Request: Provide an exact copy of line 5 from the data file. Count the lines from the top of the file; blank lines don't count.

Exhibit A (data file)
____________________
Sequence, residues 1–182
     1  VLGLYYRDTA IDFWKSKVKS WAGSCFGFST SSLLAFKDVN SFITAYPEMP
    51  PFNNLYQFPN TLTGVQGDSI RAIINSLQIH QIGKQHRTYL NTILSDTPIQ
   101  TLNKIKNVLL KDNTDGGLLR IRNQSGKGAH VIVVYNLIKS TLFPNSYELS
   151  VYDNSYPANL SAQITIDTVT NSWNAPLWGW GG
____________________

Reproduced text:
   151  VYDNSYPANL SAQITIDTVT NSWNAPLWGW GG